© 2024 Michigan State University Board of Trustees
Public Media from Michigan State University
Play Live Radio
Next Up:
0:00 0:00
Available On Air Stations

Neighbors in Action: Origami Rehab

Origami Rehab photo
Courtesy photo
Origami Brain Injury Rehabilitation Center

Adults who suffer traumatic brain injuries require extensive medical care as well as support and encouragement along the road to recovery. For this week’s Neighbors in Action, we speak with the executive director of Origami Brain Injury Rehabilitation Center about the non-profit’s interdisciplinary approach to caring for patients.

When someone sustains a traumatic brain injury, the road to recovery can be extremely difficult. Beyond medical care and attention, brain injury patients have emotional, social, spiritual and physical needs to be met while they work to recover.

Origami Brain Injury Rehabilitation Center is a nonprofit founded in Mason to provide a continuum of care for adults who have sustained traumatic brain injuries. Their goal is to maximize recovery and restore quality of life and independence.

For Neighbors in Action this week, Current State talks with the Executive Director of Origami, Tammy Hannah.


On Origami’s care

“We have fourteen different types of services. We have occupational therapy, physical therapy, speech language pathology. We also have a recreational therapist, vocational therapy, psychology, social work, nursing, etc. Anything that impacts the brain and all the specialty services that are necessary to put those pieces back together - that’s what we have at Origami.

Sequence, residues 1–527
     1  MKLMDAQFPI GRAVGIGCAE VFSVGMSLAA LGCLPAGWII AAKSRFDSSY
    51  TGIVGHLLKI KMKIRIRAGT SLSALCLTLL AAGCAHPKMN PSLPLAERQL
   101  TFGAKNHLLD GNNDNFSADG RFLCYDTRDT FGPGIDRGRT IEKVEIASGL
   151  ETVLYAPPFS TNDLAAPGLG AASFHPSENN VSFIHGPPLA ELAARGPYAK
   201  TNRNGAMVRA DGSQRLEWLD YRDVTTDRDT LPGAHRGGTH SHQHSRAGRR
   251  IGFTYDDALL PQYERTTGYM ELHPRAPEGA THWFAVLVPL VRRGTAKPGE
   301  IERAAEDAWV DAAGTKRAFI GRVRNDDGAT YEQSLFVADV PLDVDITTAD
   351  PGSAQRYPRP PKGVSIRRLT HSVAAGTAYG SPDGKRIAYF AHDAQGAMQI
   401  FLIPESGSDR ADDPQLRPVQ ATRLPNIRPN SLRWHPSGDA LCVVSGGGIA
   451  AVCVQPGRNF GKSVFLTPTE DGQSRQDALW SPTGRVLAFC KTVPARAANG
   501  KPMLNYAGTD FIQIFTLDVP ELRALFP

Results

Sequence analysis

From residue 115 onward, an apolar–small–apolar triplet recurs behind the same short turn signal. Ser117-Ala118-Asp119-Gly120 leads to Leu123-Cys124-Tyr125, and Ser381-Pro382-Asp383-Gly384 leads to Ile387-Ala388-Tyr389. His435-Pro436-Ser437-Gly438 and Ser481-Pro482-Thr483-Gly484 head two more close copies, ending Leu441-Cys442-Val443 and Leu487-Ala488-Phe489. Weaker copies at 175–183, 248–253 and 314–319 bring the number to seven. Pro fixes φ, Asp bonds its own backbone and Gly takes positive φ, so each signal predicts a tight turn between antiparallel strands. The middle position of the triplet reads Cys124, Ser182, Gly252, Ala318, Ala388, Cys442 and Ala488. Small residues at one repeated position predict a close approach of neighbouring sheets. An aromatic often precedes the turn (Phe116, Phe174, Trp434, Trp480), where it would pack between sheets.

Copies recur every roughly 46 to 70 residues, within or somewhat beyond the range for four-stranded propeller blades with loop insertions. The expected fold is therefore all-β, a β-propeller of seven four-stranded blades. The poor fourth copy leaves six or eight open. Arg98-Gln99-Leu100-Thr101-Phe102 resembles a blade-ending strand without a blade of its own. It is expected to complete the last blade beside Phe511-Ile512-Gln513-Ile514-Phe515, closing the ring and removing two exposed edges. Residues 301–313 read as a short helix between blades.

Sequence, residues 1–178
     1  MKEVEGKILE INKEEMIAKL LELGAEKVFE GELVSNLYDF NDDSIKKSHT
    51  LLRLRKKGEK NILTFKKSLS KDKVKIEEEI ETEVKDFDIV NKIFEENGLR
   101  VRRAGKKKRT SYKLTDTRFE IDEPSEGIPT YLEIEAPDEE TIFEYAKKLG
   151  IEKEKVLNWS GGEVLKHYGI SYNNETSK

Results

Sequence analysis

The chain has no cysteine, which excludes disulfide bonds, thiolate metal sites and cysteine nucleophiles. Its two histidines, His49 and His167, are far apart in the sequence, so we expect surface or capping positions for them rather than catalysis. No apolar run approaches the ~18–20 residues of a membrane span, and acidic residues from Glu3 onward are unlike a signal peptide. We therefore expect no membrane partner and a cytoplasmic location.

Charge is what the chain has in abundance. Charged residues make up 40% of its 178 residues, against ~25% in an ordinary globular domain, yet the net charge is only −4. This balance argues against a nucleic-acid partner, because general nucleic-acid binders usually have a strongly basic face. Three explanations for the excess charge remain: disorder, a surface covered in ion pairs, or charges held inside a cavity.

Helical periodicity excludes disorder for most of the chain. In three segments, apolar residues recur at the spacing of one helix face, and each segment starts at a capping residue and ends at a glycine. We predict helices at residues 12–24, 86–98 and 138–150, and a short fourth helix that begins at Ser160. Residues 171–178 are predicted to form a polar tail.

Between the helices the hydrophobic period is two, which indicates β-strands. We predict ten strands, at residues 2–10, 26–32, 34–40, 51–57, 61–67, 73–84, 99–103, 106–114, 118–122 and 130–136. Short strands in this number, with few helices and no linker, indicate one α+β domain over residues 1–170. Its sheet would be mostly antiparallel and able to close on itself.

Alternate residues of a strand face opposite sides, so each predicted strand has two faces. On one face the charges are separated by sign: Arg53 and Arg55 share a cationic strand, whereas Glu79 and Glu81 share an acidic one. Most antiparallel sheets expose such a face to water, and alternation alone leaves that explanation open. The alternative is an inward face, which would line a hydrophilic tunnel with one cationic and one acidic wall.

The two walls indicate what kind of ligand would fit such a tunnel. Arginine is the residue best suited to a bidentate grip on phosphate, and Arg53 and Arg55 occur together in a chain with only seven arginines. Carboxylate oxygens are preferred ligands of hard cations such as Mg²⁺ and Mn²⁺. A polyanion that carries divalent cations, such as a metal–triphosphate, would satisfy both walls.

We’re getting very close to have serving our 1000th client from when we opened in 1997. Every year we see an increase in the number of people served. Last year nearly 200 were served.” — Tammy Hannah

On Origami’s expansion

“When Origami first started in 1997, the focus was residential programming. Individuals with a traumatic brain injury that needed 24/7 supervised care. They realized early on that as people progress, they don’t need the residential program anymore. They can come to Origami for outpatient services. We built more buildings to be able to serve outpatients.

Then we realized that there’s a lot more brain injuries that need our care besides just traumatic brain injuries. Strokes, aneurysms, tumors, epilepsy - those are all forms of brain injury. We’ve expanded along the way, and we’re very good at being able to serve a variety of types of brain injury.” — Hannah

On the patient recovery process

“The number one question I often get from family and friends is ‘How do you do that work?’ I think the beauty of it all is that when you see a challenge you also see opportunity: the opportunity to help that individual and lead that family along the recovery.

Sometimes there are leaps and bounds, other times it’s celebrating those baby steps. There’s a level of appreciation, dedication, devotion - a passion required for anybody working with brain injuries. You just have to embrace it to see those opportunities. It’s hard work for everyone involved.” — Hannah

Current State is always looking for more nominations for our “Neighbors In Action” feature. Please help us out and e-mail us your suggestions to currentstate@wkar.org. Put ‘Neighbors in Action’ in the subject line. Or tweet us: @KARCurrentState and tell us a little about why you think they should be featured.

Related Content
Journalism at this station is made possible by donors who value local reporting. Donate today to keep stories like this one coming. It is thanks to your generosity that we can keep this content free and accessible for everyone. Thanks!